Recent coverage of the Onrus/Vermont SRA initiative in The Village NEWS has been generous and yet conspicuously uncritical. At the public meeting of property owners held a couple of weeks ago there appeared to be a good deal of criticism from the floor, but none of this was reported, or even alluded to, in your recent coverage – no mention of the fact that SRAs set up in some other municipal areas have conspicuously failed, for example.
The concept of an SRA seems to have originated in Canada where their purpose was to raise additional funds from ratepayers to help with the revival of areas that had gone to seed. Transplanted into South Africa, their purpose seems to be the mirror image of that: SRAs are typically set up in areas that, like Onrus/Vermont, are relatively privileged, well run and affluent to start with. Indeed the perception study undertaken in Onrus/Vermont by the SRA promoters indicated that the majority of ratepayers were generally satisfied with the municipal services currently being provided.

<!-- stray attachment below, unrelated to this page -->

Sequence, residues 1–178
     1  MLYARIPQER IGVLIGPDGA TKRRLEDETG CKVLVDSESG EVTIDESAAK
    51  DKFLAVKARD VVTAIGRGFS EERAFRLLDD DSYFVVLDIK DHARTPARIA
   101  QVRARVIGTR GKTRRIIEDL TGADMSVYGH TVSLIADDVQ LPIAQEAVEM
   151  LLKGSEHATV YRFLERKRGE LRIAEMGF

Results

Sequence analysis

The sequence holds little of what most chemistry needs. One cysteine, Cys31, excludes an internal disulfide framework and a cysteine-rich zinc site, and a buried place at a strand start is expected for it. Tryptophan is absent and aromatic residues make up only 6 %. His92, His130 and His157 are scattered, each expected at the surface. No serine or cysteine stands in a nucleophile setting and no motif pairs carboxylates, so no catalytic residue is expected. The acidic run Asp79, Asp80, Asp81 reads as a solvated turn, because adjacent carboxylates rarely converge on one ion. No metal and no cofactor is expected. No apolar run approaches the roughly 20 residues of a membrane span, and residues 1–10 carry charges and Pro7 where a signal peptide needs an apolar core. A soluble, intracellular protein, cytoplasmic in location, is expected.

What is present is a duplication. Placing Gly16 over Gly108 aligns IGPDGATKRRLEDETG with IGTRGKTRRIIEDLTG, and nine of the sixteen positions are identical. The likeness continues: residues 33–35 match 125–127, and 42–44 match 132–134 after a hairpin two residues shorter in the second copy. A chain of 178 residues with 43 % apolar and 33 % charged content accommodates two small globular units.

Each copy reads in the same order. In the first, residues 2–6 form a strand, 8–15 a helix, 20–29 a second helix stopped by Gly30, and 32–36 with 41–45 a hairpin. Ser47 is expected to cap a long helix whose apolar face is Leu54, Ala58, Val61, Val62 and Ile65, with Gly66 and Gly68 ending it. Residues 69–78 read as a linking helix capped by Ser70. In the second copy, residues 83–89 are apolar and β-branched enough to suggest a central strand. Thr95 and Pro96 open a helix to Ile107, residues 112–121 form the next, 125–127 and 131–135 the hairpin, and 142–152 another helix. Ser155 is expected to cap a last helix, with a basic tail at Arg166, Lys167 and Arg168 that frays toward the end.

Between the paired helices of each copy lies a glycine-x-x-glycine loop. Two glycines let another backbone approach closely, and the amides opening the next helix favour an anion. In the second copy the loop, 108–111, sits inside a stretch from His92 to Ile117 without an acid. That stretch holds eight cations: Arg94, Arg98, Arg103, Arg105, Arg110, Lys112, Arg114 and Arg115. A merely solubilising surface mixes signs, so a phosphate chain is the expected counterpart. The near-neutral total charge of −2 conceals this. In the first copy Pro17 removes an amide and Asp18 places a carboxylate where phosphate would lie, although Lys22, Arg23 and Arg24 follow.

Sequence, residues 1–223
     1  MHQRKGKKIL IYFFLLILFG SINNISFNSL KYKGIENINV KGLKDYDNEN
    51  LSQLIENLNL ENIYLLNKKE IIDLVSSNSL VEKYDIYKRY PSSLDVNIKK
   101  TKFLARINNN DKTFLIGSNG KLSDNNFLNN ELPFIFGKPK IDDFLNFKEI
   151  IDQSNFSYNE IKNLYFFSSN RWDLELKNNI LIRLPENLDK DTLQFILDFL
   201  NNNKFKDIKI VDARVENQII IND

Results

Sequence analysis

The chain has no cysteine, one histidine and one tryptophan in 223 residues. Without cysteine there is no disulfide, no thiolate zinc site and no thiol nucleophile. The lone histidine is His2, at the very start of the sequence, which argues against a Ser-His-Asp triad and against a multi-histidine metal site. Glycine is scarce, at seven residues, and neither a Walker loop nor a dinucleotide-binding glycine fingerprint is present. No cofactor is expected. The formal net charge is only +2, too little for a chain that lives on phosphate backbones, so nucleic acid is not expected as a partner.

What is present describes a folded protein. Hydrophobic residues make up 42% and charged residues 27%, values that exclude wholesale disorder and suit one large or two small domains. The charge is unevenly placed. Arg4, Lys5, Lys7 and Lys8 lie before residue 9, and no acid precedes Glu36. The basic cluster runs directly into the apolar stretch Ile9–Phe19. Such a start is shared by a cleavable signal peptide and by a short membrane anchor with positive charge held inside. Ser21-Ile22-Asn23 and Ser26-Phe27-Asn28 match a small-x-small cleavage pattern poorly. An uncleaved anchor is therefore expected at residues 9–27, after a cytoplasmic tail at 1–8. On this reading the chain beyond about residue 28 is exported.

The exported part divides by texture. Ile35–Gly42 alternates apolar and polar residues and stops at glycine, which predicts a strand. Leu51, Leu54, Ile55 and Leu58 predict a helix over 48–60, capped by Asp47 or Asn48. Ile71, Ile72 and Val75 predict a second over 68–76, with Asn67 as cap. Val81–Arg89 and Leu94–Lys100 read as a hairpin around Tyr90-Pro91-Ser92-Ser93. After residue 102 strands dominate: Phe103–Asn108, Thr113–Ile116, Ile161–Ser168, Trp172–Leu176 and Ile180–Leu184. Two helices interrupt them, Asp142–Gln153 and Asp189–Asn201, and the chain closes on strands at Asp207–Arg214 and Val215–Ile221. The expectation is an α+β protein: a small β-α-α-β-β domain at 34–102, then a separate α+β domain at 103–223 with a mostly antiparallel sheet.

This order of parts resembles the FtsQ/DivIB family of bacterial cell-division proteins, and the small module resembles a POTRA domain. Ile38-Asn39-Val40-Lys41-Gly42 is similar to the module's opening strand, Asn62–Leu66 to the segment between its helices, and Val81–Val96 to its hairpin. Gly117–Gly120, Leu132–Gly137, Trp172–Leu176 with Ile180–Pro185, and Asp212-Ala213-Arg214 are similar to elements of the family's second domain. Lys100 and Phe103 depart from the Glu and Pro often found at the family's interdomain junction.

So, rather than a desire to gild the lily, the real reason behind this initiative seems rooted in a gloomy expectation that standards will decline – you’re not seedy yet, but you will be if you don’t cough up more cash. Much is made of the fact that the additional funds raised by the SRA will be “ring-fenced” to be spent only in the SRA area. All well and good, but the normal rate payments aren’t. The temptation for a cash-strapped municipality to say “You’ve got your own money – you fix your own potholes” will surely be overwhelming. The money property owners pay anyway – rates, which have increased 100% in the few years I’ve lived here – will be allocated to other areas.
Far from being a jolly good idea, SRAs seem to be yet another manifestation of a South African disease whose principal symptom is throwing money at a problem and hoping it goes away, or at least doesn’t come any closer. Rather put effort into ensuring that those entities receiving public money for public services are held strictly to account. If you feel the need to raise money, do it for the genuinely deserving, rather than feeding it into a bureaucratic machine.